An individual, also a P.U.D. employee, rented a Genie man-lift from United Rentals Northwest in the summer of 2003 to assist in a personal construction project. This action had nothing to do with P.U.D. No. 2 of Pacific County. The man-lift was delivered to the private individual’s work site on August 4, 2003.
During this same period of time, the P.U.D. was constructing the Oysterville Substation on the North end of the Long Beach Peninsula. It was determined that a piece of equipment such as this man-lift would greatly aide with the Substation construction. The supervisor contacted a number of rental companies in the surrounding area and given that it was the height of the construction season, could not locate any lifts for lease.
The private individual contacted United Rentals Northwest and asked to interrupt the rental and allow the P.U.D. to lease the Genie man lift. This was permitted by United Rentals, so on August 11, 2003, the P.U.D. sent two employees out to the private individual’s personal construction site. The two employees loaded the Genie man lift on a trailer and as they proceeded along the driveway, an accident occurred, damaging the man-lift.
Discussions next ensued between United Rentals Northwest and P.U.D. representatives about the wrecked Genie man lift. United Rentals ultimately told the District that if the P.U.D. covered their costs to process the accident, a total of $1,147.64, that the Utility’s involvement in this incident would be complete. Since the equipment was in the possession of the P.U.D. when the accident occurred, the District was responsible for the damage. The District could have been required to pay the entire cost of the damaged equipment, but when this resolution was offered by United Rentals, it made sense to pay this amount. United Rentals Northwest put together a bill to the P.U.D. for $1,147.64; the District paid and was done with this matter.
Ten Years Later:
A group of individuals has recently questioned this incident. The P.U.D. has responded to these accusations with the following actions:
Comments regarding specific accusations:
United Rentals has verbally stated that a copy of the Risk Report will only be released with receipt of a subpoena. The group asking the questions wants the P.U.D. to subpoena United Rentals for a copy of this document. However, according to the P.U.D. Attorney, since the event was nearly ten years ago the statute of limitations has run out, and due to the lack of a lawsuit, wherein you could request a subpoena, there is no way to secure one at this point in time.
This cannot be the case for three reasons:
1) the hour meter was destroyed in the accident and there was no way to come up with the hours of use,
2) United Rentals used 25.9 hours so that they could come up with a billing that covered their cost of processing the accident, and
3) there was no Purchase Order (PO) number on the bill from United Rentals – the P.U.D. assigns a PO number in all cases for the purchase of material, use of equipment, hiring of contractors, etc. The transfer of the equipment from the private individual to the P.U.D. was accomplished the day before the accident and hence the process of assigning a PO number had not been completed yet. If the District had initially leased the Genie man lift from United Rentals Northwest, a Purchase Order number would have been assigned before the equipment was delivered and included on all paperwork.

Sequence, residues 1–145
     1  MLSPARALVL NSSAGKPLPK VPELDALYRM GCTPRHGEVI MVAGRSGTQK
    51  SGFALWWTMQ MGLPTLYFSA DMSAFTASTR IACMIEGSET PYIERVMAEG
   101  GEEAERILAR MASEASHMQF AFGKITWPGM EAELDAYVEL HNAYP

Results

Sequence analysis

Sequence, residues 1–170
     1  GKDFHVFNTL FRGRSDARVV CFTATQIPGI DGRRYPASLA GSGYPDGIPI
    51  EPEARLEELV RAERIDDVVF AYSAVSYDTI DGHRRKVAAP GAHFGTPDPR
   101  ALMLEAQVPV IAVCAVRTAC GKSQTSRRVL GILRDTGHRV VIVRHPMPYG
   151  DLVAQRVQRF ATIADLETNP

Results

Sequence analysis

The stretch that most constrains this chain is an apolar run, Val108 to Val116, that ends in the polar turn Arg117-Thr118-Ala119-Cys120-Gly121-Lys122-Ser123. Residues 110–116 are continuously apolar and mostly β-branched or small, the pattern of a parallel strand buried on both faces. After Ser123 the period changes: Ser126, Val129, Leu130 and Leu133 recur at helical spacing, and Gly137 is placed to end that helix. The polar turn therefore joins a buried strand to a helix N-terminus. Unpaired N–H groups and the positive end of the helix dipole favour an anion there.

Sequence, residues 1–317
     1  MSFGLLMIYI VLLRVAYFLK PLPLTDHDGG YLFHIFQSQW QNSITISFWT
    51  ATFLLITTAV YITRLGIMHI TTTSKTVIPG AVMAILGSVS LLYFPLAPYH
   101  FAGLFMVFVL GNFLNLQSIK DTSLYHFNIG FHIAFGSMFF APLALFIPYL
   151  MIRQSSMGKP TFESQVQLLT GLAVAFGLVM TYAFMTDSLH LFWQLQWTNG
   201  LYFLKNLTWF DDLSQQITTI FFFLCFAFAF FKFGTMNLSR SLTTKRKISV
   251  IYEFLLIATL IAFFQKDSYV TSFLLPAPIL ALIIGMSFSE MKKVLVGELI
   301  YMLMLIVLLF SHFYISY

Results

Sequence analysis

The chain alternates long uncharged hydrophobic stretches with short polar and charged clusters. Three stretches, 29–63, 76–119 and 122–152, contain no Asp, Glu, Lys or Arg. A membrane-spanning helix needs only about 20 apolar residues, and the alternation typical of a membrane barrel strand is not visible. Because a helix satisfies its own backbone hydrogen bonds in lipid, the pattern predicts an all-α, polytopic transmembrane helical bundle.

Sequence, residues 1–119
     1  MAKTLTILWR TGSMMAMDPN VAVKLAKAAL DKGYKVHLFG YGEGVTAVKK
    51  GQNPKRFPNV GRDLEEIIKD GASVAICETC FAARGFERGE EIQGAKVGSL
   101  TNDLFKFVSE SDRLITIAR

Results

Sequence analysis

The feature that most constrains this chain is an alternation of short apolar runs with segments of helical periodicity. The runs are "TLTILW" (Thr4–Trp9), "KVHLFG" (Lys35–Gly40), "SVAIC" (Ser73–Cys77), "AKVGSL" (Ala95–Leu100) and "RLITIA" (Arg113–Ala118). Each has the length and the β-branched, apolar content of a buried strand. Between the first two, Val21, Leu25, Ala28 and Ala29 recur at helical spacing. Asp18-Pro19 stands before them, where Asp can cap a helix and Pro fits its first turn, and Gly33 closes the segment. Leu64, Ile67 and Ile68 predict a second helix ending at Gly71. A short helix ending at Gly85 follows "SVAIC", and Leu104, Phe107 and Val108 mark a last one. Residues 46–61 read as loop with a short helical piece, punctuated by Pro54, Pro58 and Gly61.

Thanks to the Willapa Harbor Herald for soliciting comments from Doug Miller and Jason Dunsmoor on this issue which was first brought up at the P.U.D. Board Meeting on March 5th in Raymond.
A P.U.D. employee did not use equipment that had been leased by the P.U.D. from United Rentals Northwest. This employee did, however, interrupt a personal lease with that company so that the P.U.D. could use the Genie man lift to help with construction of the Oysterville Substation.
The District settled on a price of $1,147.64 payable to United Rentals Northwest that covered their cost and closed the situation involving the accident. If the P.U.D. is at fault for anything concerning this incident, it would be for paying a bill that described use of the equipment that did not happen such as the 25.9 hours. At the time, this dollar amount was much lower than if a claim had been filed with our insurance company for the entire cost of the man lift. The District is self-insured and would have been responsible to pay the full amount. Therefore, paying the $1,147.64 was the lowest cost and best action to take at that time.
Based upon a review of this accident, as described herein, District personnel followed policy and took prudent steps to resolve this issue.
As part of its recent Audit of the P.U.D., and at an additional cost to the District, the State of Washington Auditor’s office will provide forthcoming comments on this incident.
Editor’s Note: This article first appeared on www.hometowndebate.com 7/29/12. If you would like to respond to this story, go to hometowndebate.com
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